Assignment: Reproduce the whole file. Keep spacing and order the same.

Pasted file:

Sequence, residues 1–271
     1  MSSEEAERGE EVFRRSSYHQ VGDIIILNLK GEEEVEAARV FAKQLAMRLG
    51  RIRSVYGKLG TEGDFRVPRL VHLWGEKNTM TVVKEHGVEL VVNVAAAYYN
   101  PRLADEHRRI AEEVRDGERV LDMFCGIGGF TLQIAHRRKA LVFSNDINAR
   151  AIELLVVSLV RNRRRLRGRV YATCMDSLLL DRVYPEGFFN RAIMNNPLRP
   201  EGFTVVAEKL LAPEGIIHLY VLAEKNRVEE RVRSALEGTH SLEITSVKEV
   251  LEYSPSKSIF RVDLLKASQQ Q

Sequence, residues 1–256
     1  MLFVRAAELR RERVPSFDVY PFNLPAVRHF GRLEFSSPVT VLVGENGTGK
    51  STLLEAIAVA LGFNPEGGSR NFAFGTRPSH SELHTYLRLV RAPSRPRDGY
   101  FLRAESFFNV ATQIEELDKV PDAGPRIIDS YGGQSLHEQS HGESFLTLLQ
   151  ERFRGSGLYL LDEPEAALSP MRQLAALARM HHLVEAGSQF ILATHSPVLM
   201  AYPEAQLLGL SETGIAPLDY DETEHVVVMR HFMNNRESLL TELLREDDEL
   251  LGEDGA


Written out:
Sequence, residues 1–271
     1  MSSEEAERGE EVFRRSSYHQ VGDIIILNLK GEEEVEAARV FAKQLAMRLG
    51  RIRSVYGKLG TEGDFRVPRL VHLWGEKNTM TVVKEHGVEL VVNVAAAYYN
   101  PRLADEHRRI AEEVRDGERV LDMFCGIGGF TLQIAHRRKA LVFSNDINAR
   151  AIELLVVSLV RNRRRLRGRV YATCMDSLLL DRVYPEGFFN RAIMNNPLRP
   201  EGFTVVAEKL LAPEGIIHLY VLAEKNRVEE RVRSALEGTH SLEITSVKEV
   251  LEYSPSKSIF RVDLLKASQQ Q

Sequence, residues 1–256
     1  MLFVRAAELR RERVPSFDVY PFNLPAVRHF GRLEFSSPVT VLVGENGTGK
    51  STLLEAIAVA LGFNPEGGSR NFAFGTRPSH SELHTYLRLV RAPSRPRDGY
   101  FLRAESFFNV ATQIEELDKV PDAGPRIIDS YGGQSLHEQS HGESFLTLLQ
   151  ERFRGSGLYL LDEPEAALSP MRQLAALARM HHLVEAGSQF ILATHSPVLM
   201  AYPEAQLLGL SETGIAPLDY DETEHVVVMR HFMNNRESLL TELLREDDEL
   251  LGEDGA